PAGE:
A topic well worth some serious thought, especially for those who are considering getting a graduate degree. I did my PhD in visual psychophysics, then went straight into a college teaching job that had nothing whatsoever to do with visual psychophysics. It immediately forced me to break out of my super-specialized base of knowledge and learn more about the kind of psychology that can actually help people live better lives. I had to relearn the basics — introductory psych, social psych, cognition, perception, etc. — to be able to teach them. It was fulfilling, teaching students about their own and others’ cognitive biases, or helping them learn how to study more effectively, or showing them fascinating real-life examples of how unreliable memory can be, or how groups make decisions. My interest in helping solve real-world problems took me into research and consulting, and finally to founding my own business. In every chapter of my professional life, the main benefits of having a PhD were not some advanced, specialized knowledge I learned; they were basic knowledge of research principles and methods, and the experience of learning how to apply those principles and methods to a specific problem.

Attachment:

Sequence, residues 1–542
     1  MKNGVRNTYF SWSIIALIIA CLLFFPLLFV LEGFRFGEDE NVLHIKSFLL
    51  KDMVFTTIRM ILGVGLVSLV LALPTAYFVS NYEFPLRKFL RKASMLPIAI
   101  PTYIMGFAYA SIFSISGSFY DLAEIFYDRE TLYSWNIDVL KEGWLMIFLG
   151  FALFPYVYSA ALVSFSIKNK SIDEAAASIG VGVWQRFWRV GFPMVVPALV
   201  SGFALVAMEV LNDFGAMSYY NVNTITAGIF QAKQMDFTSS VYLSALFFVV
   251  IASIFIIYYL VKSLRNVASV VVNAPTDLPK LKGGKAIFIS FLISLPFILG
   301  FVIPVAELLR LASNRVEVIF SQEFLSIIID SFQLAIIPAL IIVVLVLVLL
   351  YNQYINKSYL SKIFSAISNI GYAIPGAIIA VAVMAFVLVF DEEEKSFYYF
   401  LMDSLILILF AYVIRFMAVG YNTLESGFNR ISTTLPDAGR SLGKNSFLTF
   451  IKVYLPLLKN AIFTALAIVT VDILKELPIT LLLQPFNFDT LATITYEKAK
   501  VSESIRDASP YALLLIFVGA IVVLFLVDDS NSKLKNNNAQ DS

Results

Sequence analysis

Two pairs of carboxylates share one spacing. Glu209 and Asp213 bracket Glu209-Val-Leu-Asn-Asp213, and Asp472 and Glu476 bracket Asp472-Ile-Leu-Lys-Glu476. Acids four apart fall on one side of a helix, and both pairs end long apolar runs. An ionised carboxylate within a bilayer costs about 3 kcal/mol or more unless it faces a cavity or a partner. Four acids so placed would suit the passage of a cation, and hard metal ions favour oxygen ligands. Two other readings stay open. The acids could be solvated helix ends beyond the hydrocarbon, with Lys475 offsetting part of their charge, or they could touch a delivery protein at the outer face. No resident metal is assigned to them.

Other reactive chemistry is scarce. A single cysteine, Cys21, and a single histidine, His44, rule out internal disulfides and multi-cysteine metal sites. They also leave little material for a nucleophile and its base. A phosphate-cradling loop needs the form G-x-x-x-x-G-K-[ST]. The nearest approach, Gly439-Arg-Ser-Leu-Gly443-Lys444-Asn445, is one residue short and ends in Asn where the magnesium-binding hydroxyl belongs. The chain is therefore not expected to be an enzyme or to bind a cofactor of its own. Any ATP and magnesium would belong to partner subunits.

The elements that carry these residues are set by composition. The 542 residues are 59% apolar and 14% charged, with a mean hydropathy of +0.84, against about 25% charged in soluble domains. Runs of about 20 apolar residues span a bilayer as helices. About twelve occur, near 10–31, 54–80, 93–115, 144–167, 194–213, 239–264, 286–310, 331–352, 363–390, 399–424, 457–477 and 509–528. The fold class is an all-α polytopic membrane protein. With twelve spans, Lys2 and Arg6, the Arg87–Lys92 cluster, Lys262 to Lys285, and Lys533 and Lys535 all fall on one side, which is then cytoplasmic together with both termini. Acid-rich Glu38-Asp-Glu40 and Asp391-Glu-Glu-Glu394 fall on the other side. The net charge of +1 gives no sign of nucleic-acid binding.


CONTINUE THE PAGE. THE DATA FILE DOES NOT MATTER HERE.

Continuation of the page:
I’m grateful that I had the opportunity to get a PhD. But on entering the 25th year of my career, what has become most strikingly evident to me is this:
There’s a big, troubled world out there, and you don’t need a fancy degree to help improve it. You just need to roll up your sleeves, do the grunt work to learn what’s important in your field, and be willing to get your hands dirty. There are too many good minds hiding in ivory towers, hashing out ideas in eloquent prose related to problems that the rest of the world cares little about. If I could give one piece of advice to someone on the verge of entering grad school, it would be this: Don’t get yourself barricaded in that tower. Come down to earth (at least occasionally) and do good work that matters.